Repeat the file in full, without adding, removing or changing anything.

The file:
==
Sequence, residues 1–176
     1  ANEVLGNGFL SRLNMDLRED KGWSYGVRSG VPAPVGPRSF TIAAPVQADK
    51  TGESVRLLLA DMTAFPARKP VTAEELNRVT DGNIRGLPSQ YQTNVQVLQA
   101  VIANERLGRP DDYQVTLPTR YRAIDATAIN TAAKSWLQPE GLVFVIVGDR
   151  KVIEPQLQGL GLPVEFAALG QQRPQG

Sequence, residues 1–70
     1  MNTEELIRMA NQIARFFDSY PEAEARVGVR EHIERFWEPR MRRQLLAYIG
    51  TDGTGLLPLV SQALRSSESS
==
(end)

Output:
Sequence, residues 1–176
     1  ANEVLGNGFL SRLNMDLRED KGWSYGVRSG VPAPVGPRSF TIAAPVQADK
    51  TGESVRLLLA DMTAFPARKP VTAEELNRVT DGNIRGLPSQ YQTNVQVLQA
   101  VIANERLGRP DDYQVTLPTR YRAIDATAIN TAAKSWLQPE GLVFVIVGDR
   151  KVIEPQLQGL GLPVEFAALG QQRPQG

Sequence, residues 1–70
     1  MNTEELIRMA NQIARFFDSY PEAEARVGVR EHIERFWEPR MRRQLLAYIG
    51  TDGTGLLPLV SQALRSSESS